Crises and outbreaks change us and society, with the most dramatic impact of the war against COVID-19 in recent memory. Every aspect of our existence is different, including new ways to work, communicate, do business and take care of ourselves and our families. The key is to learn from these experiences so that we can better prepare ourselves for future events.
These extreme changes have escalated another war, a war against cyber threats, exposing itself to new cybersecurity risks that threatening actors choose to exploit. The line between work and personal devices has blurred with users, switching between them fluidly. The personal and business data flow freely through Wi-Fi networks at home. When the working day ends, we seamlessly transition to virtual happy hours and binge-watching videos using a growing number of services – expanding the attack surface even further. Threat actors also use novel lures that pull our fears and inquisitive nature to entice us to click on malicious links or attachments or share data that we should not unwittingly share. It’s a situation that easily becomes untenable for many cybersecurity professionals and causes organizations to doubt their ability to react quickly.
When serving as the Supreme Allied Commander during the Second World War, Dwight D. Eisenhower said, “In preparing for the fight, I have always found that preparations are futile, but preparation is important.” Rapid response preparation would help ensure that you have a structure in place during times of crisis to work more efficiently with your colleagues to reduce risk and address questions from the company management.
I outlined three steps to help you lay the foundations for prompt response. It is important to remember that COVID-19 is not unique to these recommendations. This planning process will also improve your ability to respond quickly to future events – from a new , high-profile, global-impact ransomware campaign to opportunistic cyber attacks triggered by a natural or manmade disaster.
1. Consume. As we have seen before with global threats such as Wannacry and are seeing now with COVID-19, crises and outbreaks generate a sharp upturn in new, disparate sources of information about threats. Many commercial intelligence providers, governments, open source feeds, and frameworks, such as MITRE ATT&CK, provide valuable data specific to threats and outbreaks. Being aware of these new sources is one thing but being able to ingest all that data is another, particularly when they are in different formats and can be different types of data than you are using at the moment. To make this situation manageable you need a central repository that is ready to accept these feeds or can map them quickly – in minutes or hours if they are in non-standard formats. The agility to quickly accept new sources of threatening information for consumption is at the heart of rapid response. With aggregated and structured high-quality data, you can determine and optimize how it can applies to you.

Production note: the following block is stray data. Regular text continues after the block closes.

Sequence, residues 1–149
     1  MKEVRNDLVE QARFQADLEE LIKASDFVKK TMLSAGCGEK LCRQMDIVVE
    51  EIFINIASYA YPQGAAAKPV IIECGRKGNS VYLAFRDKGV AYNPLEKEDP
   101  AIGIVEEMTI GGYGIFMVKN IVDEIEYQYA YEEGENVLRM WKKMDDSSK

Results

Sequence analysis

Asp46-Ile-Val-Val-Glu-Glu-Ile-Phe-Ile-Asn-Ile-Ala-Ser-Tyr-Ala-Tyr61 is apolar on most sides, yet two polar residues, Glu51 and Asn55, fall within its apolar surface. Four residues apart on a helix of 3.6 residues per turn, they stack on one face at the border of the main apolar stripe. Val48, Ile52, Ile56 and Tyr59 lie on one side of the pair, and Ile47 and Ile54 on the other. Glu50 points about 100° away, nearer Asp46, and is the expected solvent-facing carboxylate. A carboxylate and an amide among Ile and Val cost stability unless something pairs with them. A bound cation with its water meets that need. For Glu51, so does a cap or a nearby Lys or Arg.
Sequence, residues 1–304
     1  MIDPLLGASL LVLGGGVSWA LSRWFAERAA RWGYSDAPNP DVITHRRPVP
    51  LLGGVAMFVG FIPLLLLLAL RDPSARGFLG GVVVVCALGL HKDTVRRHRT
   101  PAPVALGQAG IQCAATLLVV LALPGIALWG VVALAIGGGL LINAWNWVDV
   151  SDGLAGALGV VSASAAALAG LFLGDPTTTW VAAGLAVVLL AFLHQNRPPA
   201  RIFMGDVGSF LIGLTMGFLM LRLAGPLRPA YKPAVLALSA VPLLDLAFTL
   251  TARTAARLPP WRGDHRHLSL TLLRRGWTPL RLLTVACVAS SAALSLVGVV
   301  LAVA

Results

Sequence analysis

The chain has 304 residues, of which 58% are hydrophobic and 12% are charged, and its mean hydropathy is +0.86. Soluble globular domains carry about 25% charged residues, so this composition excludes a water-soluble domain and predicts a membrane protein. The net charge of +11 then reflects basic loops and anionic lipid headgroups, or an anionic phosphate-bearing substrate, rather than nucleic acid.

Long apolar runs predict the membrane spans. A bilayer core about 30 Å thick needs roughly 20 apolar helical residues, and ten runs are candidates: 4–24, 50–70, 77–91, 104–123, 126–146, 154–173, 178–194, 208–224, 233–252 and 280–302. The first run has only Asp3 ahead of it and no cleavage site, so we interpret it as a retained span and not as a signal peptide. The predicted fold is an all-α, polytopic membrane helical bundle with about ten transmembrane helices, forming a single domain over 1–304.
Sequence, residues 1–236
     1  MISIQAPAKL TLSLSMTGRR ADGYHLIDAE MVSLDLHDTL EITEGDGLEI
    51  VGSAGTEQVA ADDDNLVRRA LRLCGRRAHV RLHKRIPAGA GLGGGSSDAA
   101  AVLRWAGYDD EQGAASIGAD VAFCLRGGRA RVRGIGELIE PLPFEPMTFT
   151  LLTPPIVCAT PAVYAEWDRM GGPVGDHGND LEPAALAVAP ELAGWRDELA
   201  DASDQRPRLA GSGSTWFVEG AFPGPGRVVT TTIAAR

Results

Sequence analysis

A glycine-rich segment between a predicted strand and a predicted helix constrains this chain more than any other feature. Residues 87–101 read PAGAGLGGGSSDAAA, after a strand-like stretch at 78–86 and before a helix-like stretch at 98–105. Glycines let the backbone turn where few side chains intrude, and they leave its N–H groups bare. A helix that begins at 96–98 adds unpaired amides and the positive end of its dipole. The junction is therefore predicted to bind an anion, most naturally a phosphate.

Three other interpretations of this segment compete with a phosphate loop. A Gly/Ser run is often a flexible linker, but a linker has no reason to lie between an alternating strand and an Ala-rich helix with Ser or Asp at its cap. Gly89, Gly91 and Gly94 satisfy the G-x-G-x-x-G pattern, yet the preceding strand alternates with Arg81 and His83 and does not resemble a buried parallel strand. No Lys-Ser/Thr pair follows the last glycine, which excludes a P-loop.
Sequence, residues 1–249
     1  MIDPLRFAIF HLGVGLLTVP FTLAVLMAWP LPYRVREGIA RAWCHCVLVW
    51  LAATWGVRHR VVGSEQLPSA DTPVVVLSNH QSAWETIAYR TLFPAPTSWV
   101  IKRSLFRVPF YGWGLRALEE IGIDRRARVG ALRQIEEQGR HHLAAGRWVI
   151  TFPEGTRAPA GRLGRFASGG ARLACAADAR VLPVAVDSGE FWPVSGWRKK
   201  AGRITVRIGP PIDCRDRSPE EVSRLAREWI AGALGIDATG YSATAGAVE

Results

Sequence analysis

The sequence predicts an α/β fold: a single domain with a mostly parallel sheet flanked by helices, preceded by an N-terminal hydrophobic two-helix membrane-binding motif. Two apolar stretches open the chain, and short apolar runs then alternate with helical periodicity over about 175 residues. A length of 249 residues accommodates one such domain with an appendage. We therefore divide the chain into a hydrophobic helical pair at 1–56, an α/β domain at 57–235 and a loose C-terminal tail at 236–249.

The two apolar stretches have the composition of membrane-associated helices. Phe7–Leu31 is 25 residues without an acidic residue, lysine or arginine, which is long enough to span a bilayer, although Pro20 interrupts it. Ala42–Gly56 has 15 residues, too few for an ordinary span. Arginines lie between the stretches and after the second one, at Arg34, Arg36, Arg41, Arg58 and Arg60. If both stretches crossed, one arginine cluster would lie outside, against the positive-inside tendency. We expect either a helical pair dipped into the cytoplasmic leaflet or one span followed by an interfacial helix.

2. Understand. Knowing the data separately offers value, but the real benefit comes from an integrated understanding of it, including incidents and related metrics from your own internal processes – from your SIEM, log management server, case management system, and security infrastructure, for example. By relaying the data to what’s actually going on in your environment, you gain context that makes it tangible. For example, an indicator that is successful , high-scoring, or mentioned in the last 24 hours may prompt further review, while others will require ongoing monitoring and will set aside those that are benign. A big picture view also helps you to see and share easily who else within the company needs to absorb and appreciate this data – the SOC team, network security team, threat analysis analysts, threat hunters, forensics and investigations, management, etc.
3. Action. Enabling the data as part of your infrastructure and operations is the final stage. Sending the related pieces of data quickly to the correct devices , systems and controls within the organization will speed up identification, response and prevention. Exporting the data to the current infrastructure , for example, allows certain systems to work more efficiently and effectively – yielding less false positives. You can also use your curated threat intelligence to predict and deter potential attacks – such as automatically sending intelligence to your sensor grid (firewalls, IPS / IDS, routers, Web and email protection, endpoint detection and response (EDR), etc.) to create and enforce updated risk mitigation policies and rules.
With the ability to easily curate and incorporate new data sources of danger in your operations, you ‘re ready for whatever the future brings. You can be assured that your security teams have laid the groundwork for swift response. You must have a framework for efficient communication with management, capable of presenting information about a particular danger and how you reduce risk in ways that resonate with business leaders. Planning now about how to deal with emerging risks caused by the next global crisis or epidemic is time well spent, and an activity that would applaud Dwight D. Eisenhower.